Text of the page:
For me, the way the fashion industry works, it’s almost comically bad. Like it doesn’t make any common sense. If you look at it objectively, and not as something which has been around for ages, you would just think, wow, this is really stupid. You’re guessing what people want, you’re not paying the people that make it properly. It all just doesn’t make sense. For me, the primary reason why I do what I do is because the fashion industry works in such a silly way, it’s because I’m not prepared to start something which, for me, doesn’t make any sense. Because it’s my name above the door at the end of the day, it’s my name in the back of the clothes, so why would I want to associate myself with a business model that’s really old fashioned?
What does it mean to be a designer in 2020 and not wholesale?
It gives me more time to actually figure out what the future’s going to be. And it means I have more time to do things that I actually care about, like education and speaking to brands and collaborating and doing the swap shop at London Fashion Week. All those things wouldn’t happen if I was spending all my time wholesaling. Wholesale is so toxic. It doesn’t help anybody really.
You made a pretty big impact at this year’s LFW, hosting the first ever fashion week swap shop, and appearing in XR protests, what do you really think of fashion week? Should we just get rid of it?
I don’t think you should get rid of it, actually. I just think it needs to work in a different way. Having a week of events that are dedicated to innovation in fashion is a good idea. I actually quite like fashion shows, I think they’re quite exciting, but I just think it’s a shame that the collection only gets seen for like five minutes and then gets moved on. If Beyoncé sells 40,000 tickets for Madison Square Gardens for $50 each, I think she makes $2 million a night, so why not, for the new Chanel show, show the entire collection on Beyoncé and her dancers? Do the show five nights a week and you’ve already made more money from that collection than it will have done wholesaling it. It’s just thinking of different ways of experiencing the clothes.
Do you mean for your clothes to be political?
I think being a designer and saying that you’re not going to do wholesale is political.
What’s your biggest achievement so far?
Anna Wintour nominated me for the Stella McCartney award in November, that was quite exciting.
What have you got planned for the future?
I’m hopefully showing another collection in Helsinki again in July, which is inspired by my Catholic upbringing. For that I’ve partnered with a silk mill in Italy called Taroni Silks which makes all of the couture silks for the couture shows and they’ve allowed me to use their dead stock. They’re having the Circular Fashion Summit by Lablaco, a showcase of all things sustainable, so I’ll be going there to speak about what we’re doing, and we’ll be launching a new version of the website.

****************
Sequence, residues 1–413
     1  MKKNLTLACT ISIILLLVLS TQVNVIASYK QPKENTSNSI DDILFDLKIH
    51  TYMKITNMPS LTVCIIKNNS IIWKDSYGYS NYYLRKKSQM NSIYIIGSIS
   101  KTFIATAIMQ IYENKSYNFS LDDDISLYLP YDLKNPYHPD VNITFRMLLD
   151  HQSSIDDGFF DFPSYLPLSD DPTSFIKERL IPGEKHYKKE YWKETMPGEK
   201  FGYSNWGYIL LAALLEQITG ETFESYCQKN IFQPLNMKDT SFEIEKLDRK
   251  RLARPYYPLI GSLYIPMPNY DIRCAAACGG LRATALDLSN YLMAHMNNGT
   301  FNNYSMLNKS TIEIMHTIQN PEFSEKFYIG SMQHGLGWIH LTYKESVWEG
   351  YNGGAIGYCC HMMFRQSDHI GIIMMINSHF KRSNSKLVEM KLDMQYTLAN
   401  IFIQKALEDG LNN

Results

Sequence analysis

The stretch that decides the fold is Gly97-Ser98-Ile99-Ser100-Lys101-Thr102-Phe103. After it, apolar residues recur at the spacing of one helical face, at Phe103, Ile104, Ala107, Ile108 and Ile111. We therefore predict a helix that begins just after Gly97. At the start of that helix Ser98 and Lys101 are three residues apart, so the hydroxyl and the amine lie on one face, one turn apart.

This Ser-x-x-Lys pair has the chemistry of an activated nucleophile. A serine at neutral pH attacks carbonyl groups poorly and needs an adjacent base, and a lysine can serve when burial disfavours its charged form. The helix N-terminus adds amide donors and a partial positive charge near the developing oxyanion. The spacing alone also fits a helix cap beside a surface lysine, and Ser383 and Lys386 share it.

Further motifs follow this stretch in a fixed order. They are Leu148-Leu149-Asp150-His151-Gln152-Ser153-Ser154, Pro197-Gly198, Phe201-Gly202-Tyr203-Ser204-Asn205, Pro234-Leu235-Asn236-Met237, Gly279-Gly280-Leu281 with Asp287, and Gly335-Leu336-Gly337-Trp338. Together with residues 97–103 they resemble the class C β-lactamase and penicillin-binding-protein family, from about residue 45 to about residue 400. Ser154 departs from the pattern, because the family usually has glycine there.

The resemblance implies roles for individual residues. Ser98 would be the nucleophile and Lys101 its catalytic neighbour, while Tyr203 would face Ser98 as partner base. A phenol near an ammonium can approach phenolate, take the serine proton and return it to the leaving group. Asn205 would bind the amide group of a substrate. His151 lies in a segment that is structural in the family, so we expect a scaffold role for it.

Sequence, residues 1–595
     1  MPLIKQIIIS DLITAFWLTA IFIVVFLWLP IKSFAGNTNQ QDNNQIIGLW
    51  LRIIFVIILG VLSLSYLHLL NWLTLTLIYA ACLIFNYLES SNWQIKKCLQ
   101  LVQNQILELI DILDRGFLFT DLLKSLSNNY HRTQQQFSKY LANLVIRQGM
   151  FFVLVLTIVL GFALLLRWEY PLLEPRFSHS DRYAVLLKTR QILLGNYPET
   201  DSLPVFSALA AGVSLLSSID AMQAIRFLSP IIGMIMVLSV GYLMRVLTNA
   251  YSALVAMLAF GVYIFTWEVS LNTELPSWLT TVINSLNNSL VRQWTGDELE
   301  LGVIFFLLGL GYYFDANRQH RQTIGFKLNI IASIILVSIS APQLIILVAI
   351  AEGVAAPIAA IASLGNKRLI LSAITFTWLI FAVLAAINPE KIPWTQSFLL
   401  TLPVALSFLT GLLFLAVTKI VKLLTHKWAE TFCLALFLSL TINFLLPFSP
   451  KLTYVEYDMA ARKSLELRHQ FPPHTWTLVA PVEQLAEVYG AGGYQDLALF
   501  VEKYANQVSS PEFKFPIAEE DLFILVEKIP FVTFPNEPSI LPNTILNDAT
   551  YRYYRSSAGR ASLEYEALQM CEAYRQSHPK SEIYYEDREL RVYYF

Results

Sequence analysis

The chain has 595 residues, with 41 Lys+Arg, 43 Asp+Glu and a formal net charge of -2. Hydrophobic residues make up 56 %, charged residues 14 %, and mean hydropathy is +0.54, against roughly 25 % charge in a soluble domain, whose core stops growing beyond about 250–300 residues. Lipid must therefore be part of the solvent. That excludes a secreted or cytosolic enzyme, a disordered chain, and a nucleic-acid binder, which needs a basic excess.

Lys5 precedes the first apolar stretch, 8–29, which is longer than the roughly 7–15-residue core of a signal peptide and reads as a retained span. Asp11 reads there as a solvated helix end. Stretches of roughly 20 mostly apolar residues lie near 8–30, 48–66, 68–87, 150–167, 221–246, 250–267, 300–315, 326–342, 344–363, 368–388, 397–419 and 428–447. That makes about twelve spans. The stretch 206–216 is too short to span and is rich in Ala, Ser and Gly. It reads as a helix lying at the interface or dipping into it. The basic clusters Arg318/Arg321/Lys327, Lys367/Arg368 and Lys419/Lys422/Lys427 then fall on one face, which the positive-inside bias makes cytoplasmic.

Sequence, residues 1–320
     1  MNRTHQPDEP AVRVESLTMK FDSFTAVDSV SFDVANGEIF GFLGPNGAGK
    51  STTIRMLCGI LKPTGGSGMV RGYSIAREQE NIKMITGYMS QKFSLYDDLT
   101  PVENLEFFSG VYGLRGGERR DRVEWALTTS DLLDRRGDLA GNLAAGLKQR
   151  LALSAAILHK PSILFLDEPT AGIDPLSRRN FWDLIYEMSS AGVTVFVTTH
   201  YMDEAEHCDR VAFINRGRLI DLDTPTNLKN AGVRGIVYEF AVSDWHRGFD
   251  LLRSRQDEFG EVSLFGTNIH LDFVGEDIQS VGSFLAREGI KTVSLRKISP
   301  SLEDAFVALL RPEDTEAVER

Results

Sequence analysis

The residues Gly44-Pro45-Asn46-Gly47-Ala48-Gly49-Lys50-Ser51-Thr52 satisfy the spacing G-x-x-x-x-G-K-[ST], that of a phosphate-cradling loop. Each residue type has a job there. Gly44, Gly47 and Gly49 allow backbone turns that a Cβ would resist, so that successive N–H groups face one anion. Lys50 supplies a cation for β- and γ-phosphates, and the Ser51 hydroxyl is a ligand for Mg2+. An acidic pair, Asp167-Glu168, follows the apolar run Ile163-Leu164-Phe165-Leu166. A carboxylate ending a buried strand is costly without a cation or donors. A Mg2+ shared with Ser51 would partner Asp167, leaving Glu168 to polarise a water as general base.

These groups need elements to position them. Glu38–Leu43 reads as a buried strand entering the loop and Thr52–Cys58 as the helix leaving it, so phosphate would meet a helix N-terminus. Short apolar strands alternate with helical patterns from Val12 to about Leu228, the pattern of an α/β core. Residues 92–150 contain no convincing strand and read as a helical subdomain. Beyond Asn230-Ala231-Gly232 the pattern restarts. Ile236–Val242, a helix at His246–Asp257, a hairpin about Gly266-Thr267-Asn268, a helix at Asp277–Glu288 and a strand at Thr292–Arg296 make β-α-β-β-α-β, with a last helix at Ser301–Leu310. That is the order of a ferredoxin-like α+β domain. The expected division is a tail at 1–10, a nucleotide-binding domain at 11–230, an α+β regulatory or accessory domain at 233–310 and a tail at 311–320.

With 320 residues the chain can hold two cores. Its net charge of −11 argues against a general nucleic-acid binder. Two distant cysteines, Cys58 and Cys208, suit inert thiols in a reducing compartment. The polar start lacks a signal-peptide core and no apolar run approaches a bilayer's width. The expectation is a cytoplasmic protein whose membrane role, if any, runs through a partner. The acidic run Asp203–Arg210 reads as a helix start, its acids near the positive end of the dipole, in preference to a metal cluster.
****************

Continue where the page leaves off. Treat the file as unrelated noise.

I’ll also show a digital collection there, eventually. I think we’ll work with some VR goggles; you’ll put them on and see all the models, well, providing I can get my head around the technology in time, but it’s looking like I’ve got a few months, at the moment…
Biggest pet peeve of the fashion industry?
People that still act like they’re in Devil’s Wear Prada.
Most iconic outfit that you’ve ever seen?
The dress my mum wore to the millennium sparkle party when I was five years old.
Who would you most like to design something for?
Kylie because then my mum would be happy for me to retire.
Best part about being home alone?
Being able to walk around naked.
Top Netflix shows at the moment?
There’s something that just came out called Self Made which is with Octavia Spencer, which is incredible. I also have been catching up with this show called 100 Humans which is kind of like a social experiment to see what people’s real ways of thinking are which has been quite interesting.
Would you rather...
Rent or recycle?
Can I say both?
McQueen or Lagerfield?
Swarovski or Burberry?
Ah, that’s a hard one, Swarovski.
Paris or Milan?
Liverpool or London?
Sweet potato or halloumi fry?
Halloumi fry. I shouldn’t really say that, I’m meant to be vegan, aren’t I? I have a cheese addiction!
Rita Ora or M.I.A.?
Rita Ora or Beyoncé?
Queer Eye or Trinny and Susannah?
Alan Sugar or Anna Wintour?
What message would you pass on to everyone who is stuck at home social distancing?
Try to turn it into an opportunity to revaluate where your life is going and how your health is and the pace that you’re working at. There shouldn’t be any pressure in these kinds of times to be productive. Being productive is a construct of capitalism, like it’s perfectly fine to spend a few days thinking or reading or having a bath. Make sure that you’re first of all looking after your mental health, we really need to be there for other people and it’s not possible for us to help others if we’re not being kind to ourselves first.
This interview has been shortened and edited.